Friday, the second full day of the 2014 UUMN Conference in San Diego. This was my favorite day of the conference.
Like many of us from the Eastern Standard Time zone, I had difficulty sleeping. I woke early, headed outside to practice guitar, and then walked to the host church, the 1st UU Church of San Diego. The walk to the church was only 25 minutes, but most of that was up a steep hill. Practicing guitar at 6 in the morning helped me maintain some amount of finger dexterity. Walking up that hill provided my exercise. And doing both allowed me to feel a certain amount of smugness throughout the conference. If the conference had been extended for another week, I'm pretty sure I would have taken the buses like most everyone else.
After the initial service, I attended an excellent plenary session focusing on creating a good flow in the service. I took away some good ideas from that, and then went on to band rehearsal.
Although there were still some rough patches, the contemporary band was noticeably tighter than it was the previous day. The singers joined us toward the end of rehearsal, which I enjoyed very much. They sounded great, and it was nice to be able to hear the complete arrangements, including vocals.
Following rehearsal, I met with Sarah Dan Jones for a quick rehearsal. Sarah Dan would be leading a reading session the next day, and she had asked me to play guitar on a few pieces. I'm glad we got together. Being jazz oriented, I had a very different concept of the songs than Sarah Dan had! We ironed it out, and I was ready for the next thing, which was Scott Roewe's "Creating a Jazz Service" session.
Dana Decker, who led the contemporary band, had asked if I would be interested in playing for Scott's jazz service session. Of course I was interested, and I was happy to learn that Scott would let me play. I really enjoyed the workshop. Scott treated it as a public rehearsal, showing the attendees how to put together a jazz group and how you can adjust harmonies and accompaniments in hymns with jazz styles. Throughout the "rehearsal," Scott took questions. The band members all had microphones and could chime in when needed. Typical of me, while I don't talk much in "real life," I didn't have any problem piping up on stage with a microphone in front of me. I have to admit that I got lost in one song. I think that we were supposed to play the 1st 8 bars as an intro, but I didn't realize that at the time. I got to the bridge, and realized that something was wrong. There's an old adage, "when in doubt, lay out," which is exactly what I did until I figured out where we were. Unfortunately, this particular song was videotaped and posted on Facebook. I will not provide a link to that video. :)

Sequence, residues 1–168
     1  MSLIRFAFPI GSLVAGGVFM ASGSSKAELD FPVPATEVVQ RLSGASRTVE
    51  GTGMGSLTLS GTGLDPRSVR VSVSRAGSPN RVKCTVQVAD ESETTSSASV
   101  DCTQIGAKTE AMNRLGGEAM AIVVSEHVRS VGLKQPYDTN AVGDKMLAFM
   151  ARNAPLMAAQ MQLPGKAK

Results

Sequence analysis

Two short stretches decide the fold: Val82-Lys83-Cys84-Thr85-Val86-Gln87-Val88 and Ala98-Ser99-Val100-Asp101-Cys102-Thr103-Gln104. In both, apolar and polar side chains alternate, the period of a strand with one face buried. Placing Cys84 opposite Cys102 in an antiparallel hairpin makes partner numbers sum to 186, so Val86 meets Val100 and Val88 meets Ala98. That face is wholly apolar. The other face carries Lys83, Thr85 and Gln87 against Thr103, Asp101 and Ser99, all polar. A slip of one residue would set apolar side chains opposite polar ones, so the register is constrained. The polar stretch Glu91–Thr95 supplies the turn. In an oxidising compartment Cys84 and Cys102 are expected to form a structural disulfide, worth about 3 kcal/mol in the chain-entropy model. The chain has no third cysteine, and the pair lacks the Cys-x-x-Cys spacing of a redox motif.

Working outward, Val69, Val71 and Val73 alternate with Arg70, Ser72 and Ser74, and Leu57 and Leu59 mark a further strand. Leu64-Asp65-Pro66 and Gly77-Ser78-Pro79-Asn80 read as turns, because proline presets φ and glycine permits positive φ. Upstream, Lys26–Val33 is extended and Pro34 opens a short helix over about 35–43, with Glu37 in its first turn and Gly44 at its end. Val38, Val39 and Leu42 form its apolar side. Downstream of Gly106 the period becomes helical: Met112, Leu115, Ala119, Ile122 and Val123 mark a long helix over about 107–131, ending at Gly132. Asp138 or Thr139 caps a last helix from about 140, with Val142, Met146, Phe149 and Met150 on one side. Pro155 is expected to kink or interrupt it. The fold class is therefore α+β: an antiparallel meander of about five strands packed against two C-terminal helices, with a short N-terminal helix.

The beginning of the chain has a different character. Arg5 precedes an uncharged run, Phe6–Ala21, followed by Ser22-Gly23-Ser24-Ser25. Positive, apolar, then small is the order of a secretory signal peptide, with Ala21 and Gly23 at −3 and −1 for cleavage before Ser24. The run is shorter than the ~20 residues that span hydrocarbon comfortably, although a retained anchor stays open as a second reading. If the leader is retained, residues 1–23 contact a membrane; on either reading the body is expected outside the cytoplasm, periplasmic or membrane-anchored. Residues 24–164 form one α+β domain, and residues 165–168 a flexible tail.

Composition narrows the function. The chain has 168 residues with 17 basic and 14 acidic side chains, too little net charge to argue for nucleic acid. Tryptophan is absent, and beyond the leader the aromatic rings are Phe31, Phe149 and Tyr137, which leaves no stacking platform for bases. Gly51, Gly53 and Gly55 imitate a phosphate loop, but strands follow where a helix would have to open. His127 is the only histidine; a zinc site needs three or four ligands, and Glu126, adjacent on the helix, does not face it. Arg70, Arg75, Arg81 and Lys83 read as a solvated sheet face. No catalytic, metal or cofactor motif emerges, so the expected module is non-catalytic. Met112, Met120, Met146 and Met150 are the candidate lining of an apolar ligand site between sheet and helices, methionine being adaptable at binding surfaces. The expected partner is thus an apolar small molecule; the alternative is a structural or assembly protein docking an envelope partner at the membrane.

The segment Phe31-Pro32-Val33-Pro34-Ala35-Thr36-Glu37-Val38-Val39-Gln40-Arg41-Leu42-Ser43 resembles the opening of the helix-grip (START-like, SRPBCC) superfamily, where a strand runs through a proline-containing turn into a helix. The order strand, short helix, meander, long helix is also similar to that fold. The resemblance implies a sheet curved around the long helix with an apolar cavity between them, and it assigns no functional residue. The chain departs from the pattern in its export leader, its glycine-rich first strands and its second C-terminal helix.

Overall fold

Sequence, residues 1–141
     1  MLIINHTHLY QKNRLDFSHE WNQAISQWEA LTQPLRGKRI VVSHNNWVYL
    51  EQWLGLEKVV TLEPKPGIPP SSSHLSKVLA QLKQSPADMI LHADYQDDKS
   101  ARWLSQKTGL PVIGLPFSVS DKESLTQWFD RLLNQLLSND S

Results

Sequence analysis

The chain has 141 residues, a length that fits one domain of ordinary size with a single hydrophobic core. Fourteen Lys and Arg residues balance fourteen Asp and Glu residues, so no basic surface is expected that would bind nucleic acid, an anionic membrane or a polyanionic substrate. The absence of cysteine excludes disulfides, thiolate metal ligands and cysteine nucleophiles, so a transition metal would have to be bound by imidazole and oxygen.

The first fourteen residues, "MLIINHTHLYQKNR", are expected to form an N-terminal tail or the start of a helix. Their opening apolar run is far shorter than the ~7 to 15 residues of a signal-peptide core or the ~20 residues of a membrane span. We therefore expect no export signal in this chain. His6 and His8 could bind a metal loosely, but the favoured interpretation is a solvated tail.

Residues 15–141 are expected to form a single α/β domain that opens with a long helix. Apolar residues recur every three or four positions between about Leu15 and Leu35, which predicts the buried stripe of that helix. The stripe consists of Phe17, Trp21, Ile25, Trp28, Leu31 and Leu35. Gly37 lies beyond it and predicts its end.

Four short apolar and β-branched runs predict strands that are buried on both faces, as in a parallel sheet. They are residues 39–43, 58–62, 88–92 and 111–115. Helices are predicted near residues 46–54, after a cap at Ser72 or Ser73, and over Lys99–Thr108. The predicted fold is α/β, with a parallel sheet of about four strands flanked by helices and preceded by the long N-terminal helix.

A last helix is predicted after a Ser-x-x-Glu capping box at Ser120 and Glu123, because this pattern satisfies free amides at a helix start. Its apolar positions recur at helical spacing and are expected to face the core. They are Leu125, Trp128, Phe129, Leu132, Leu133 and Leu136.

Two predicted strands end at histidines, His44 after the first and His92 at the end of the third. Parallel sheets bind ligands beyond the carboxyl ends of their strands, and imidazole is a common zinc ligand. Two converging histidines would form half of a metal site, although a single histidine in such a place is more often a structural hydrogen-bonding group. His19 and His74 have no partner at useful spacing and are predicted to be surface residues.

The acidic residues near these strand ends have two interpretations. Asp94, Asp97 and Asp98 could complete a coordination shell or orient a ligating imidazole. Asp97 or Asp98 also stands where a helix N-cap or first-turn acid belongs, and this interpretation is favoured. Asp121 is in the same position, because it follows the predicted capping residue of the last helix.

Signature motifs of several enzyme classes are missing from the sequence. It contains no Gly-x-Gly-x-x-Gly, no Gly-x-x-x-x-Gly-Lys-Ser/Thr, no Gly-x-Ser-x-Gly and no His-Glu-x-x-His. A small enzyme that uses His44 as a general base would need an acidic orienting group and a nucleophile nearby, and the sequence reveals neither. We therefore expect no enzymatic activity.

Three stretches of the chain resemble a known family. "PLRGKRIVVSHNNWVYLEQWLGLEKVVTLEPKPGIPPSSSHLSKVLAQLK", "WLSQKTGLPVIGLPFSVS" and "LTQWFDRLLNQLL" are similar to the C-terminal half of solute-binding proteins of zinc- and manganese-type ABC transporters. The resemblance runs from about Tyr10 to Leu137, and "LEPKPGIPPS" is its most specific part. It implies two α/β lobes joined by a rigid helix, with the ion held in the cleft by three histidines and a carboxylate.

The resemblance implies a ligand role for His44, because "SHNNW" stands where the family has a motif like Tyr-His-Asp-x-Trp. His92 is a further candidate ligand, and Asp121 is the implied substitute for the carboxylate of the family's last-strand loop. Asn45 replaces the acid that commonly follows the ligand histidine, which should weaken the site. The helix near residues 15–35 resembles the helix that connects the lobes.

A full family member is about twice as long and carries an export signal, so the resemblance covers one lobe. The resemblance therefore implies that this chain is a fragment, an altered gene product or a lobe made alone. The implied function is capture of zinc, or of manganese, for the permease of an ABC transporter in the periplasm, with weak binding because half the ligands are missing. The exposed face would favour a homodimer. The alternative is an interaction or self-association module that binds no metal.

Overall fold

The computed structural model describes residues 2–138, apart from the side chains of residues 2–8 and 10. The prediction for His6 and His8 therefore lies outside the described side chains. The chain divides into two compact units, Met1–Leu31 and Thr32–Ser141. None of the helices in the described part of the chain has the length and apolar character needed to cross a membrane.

After the jazz service workshop, I broke down my gear and scurried to Sarah Billerbeck's session, "Sing, Move, Dance, Play: movement activities, dances and music games for children of all ages." That's a long title. It was also hands down my favorite workshop of the entire conference. If all I could have done was attend Sarah's workshop, it would still have been worth the trip to San Diego. This past church year, I attempted to start up a children's choir, but I was met with scheduling challenges. Although I still plan to have a children's choir at Northwest UUC, I can only do so much with 15 hours a week. Instead of a formal children's choir this year, I'm planning on venturing into the realm of RE (Religious Education) and working with the kids in the classrooms. This will be brand new territory for me, and this workshop couldn't have come at a better time. I've returned to Atlanta with a great starter kit of songs, musical games, and dances for children. I can't wait to use them in RE! On top of the great information and resources, the workshop was tons of fun. How can you not have fun in a room full of adults playing, laughing, and literally rolling around on the floor? I left that workshop full of new ideas and buzzing with joy from the sheer fun of it all.
Following the children's music workshop was another choral reading session. This session was focused on more difficult material. It was fun to sing this music, but I won't be ordering from that list. Some of the pieces were pretty difficult, and my choir wouldn't be able to sing it. Someday they'll be able to handle that level of difficulty, but not this year.
There was no service this night. Instead, there was a banquet and talent show, which I skipped. By the time the day was over, I was ready to not be around people for a while. While most everyone else was at the banquet, I was recharging by practicing guitar in my hotel room.
This was such a great day. I played a lot of guitar, which is always a plus, but the best part was the children's music workshop. Nearly a week later, I still smile when I think about it.
- Tom Godfrey
- Atlanta, GA, United States
- When I suffered a lip injury that ended my career as a classical trombonist, I thought my life as a musician was finished, but I fell in love with music all over again when Santa gave me a guitar for Christmas in 2003. Even as I was struggling with my first chords, I was planning a new performance career. As a trombonist, I performed with the Heritage of America Band at Langley Air Force Base, the Ohio Light Opera, and in pick-up bands for touring acts that included Rosemary Clooney, George Burns, and the Manhattan Transfer. Reborn as a jazz guitarist, I sing and play my own solo arrangements of jazz classics, am half of the Godfrey and Guy duo, and hold the guitar chair in the Sentimental Journey Orchestra. I have been a freelance music copyist since 1995 and have been music director at Northwest Unitarian Universalist Congregation since 2011.